Chief Joey East confirmed the incident Thursday, saying Henderson was cited for not having proof of insurance. He said no other charges were filed and Henderson was never arrested.
An Ole Miss spokesman declined comment. Kennedy did not immediately return a message seeking comment.
East said officers told him Henderson was "very cooperative" during the stop and "it's not uncommon" for police to find small amounts of a suspected controlled substance but file no charges because of a cooperative suspect.
The Wall Street Journal says police reports show Henderson was pulled over May 4 on suspicion of speeding. An officer smelled marijuana in Henderson's vehicle and Henderson handed the officer a bag with "a small nugget of marijuana." The report also says a search by a police dog found a clear plastic bag that contained "a small amount of what appeared to be cocaine."
According to the newspaper, the officer noted in the report that the district attorney wouldn't prosecute such a small amount of cocaine.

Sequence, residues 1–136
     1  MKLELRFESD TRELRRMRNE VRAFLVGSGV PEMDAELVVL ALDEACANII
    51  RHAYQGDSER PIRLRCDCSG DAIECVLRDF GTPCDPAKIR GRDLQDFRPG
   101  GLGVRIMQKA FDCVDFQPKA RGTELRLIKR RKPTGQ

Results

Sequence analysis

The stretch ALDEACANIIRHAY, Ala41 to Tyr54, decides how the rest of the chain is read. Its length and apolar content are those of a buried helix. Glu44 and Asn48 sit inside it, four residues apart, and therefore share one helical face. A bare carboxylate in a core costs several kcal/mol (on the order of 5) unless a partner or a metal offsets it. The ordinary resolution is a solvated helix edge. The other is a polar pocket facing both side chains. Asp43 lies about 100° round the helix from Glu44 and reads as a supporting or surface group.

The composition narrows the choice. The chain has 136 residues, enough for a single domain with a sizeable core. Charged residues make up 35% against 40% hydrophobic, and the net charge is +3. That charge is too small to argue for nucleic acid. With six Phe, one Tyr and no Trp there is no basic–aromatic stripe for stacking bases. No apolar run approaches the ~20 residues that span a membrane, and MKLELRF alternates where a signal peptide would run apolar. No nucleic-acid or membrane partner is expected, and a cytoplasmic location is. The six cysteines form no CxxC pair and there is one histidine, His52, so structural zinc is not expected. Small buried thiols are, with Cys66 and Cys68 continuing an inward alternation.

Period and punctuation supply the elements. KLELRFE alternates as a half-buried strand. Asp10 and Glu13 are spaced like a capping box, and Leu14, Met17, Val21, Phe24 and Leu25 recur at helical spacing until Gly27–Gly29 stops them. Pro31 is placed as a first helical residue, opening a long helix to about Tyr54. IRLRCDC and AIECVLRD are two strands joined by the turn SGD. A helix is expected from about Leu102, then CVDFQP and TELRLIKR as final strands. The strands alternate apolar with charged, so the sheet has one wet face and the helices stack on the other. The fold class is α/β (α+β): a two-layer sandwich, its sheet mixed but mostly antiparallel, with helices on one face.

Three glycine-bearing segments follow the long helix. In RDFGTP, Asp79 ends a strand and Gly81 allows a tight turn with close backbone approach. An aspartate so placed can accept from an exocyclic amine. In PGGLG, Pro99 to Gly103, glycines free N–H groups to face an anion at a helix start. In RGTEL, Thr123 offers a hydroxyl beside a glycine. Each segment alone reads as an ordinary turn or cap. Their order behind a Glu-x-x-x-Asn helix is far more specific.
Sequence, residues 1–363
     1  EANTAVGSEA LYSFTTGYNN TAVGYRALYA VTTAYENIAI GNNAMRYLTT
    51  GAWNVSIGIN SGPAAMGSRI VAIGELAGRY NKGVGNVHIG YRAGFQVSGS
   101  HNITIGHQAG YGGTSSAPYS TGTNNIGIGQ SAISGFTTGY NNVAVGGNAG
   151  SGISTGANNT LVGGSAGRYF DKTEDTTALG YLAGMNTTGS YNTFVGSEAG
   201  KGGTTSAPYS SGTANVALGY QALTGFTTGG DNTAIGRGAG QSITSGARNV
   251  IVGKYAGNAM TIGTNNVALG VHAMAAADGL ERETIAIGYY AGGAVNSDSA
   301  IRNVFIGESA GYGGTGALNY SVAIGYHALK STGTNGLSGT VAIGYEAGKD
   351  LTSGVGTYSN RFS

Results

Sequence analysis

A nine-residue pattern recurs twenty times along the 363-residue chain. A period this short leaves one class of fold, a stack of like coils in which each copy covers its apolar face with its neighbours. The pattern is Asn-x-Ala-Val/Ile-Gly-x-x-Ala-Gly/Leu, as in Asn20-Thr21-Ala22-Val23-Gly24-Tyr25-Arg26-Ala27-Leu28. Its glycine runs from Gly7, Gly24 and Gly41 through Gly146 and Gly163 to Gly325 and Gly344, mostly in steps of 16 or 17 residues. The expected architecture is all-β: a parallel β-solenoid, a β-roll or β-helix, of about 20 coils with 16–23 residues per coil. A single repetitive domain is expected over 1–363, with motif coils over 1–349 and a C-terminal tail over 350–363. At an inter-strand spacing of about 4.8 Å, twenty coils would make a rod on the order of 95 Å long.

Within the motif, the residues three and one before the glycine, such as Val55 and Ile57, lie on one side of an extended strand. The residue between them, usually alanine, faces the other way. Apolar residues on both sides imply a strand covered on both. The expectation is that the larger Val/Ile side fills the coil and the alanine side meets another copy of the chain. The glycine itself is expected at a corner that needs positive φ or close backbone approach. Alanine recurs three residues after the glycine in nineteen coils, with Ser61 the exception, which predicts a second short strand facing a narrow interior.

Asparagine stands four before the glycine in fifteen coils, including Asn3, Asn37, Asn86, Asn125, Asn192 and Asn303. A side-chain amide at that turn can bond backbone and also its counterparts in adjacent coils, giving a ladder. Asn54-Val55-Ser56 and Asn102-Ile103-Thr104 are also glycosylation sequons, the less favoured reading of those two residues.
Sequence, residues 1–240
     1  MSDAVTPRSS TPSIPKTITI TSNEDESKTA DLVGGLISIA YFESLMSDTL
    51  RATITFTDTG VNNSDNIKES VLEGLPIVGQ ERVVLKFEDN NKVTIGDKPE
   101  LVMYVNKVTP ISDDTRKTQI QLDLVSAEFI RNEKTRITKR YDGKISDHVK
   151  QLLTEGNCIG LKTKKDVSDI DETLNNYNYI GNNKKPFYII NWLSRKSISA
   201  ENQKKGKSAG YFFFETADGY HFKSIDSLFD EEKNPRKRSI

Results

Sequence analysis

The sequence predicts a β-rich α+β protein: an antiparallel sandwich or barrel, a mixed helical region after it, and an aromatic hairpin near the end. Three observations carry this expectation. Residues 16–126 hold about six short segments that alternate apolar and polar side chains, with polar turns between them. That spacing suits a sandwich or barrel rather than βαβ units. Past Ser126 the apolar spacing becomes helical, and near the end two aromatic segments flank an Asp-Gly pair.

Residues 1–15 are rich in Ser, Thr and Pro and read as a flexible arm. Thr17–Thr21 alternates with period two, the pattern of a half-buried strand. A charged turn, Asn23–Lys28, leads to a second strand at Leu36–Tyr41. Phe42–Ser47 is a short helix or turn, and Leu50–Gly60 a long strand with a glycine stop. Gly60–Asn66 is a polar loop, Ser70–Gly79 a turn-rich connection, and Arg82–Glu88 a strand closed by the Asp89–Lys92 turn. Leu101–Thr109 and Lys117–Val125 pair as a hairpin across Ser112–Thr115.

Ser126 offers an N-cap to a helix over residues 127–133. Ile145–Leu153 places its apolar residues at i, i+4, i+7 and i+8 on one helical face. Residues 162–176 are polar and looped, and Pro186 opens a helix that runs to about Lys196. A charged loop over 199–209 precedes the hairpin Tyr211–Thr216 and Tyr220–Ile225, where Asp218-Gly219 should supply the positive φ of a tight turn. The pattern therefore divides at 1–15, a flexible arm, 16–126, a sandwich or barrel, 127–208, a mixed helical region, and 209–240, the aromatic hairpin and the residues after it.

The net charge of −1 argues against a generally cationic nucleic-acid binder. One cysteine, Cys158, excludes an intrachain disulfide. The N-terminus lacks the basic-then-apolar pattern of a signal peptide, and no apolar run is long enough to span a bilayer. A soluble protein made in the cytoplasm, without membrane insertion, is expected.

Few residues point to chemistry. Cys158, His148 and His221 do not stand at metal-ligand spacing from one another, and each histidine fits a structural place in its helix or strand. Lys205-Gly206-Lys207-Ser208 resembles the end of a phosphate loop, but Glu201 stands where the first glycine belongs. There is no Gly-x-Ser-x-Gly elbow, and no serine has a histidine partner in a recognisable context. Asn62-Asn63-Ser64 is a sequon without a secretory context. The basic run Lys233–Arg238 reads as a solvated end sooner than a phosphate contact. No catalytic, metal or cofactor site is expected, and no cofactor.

East said the suspected marijuana and cocaine were not tested and officers did not determine Henderson was under the influence of any drugs or alcohol.
"If they had suspected that, he would have been arrested," East said.
Henderson averaged 20.1 points per game last season, helping the Rebels advance to the NCAA tournament for the first time since 2002.
Henderson came to Ole Miss his fourth college with a history of discipline problems. He was arrested in 2009 for misdemeanor forgery after buying marijuana with counterfeit money and again in 2011 for misdemeanor possession of marijuana. He served time in jail after the second arrest because he violated his probation.
Ole Miss has said the coaches were aware of Henderson's past when he signed with the program.
It's not the first time Henderson has made headlines during this offseason.
He wrote a message in April for the university's website, thanking Ole Miss fans for their support and vaguely apologizing to "anyone I offended." The flamboyant guard rarely hesitated to needle opposing fans during one of his frequent scoring sprees.
He was also reprimanded by the NCAA in June for making an "inappropriate gesture" following the Rebels' loss to LaSalle in the third round of the NCAA tournament.
Now comes his most recent suspension, which puts his future with the program in doubt.
"Since the season ended, we have talked a lot about Marshall taking a greater leadership role with our team," Kennedy said in Wednesday's statement. "With that comes greater responsibility, and he must do a better job of living up to the high standard we expect from him and he desires from himself."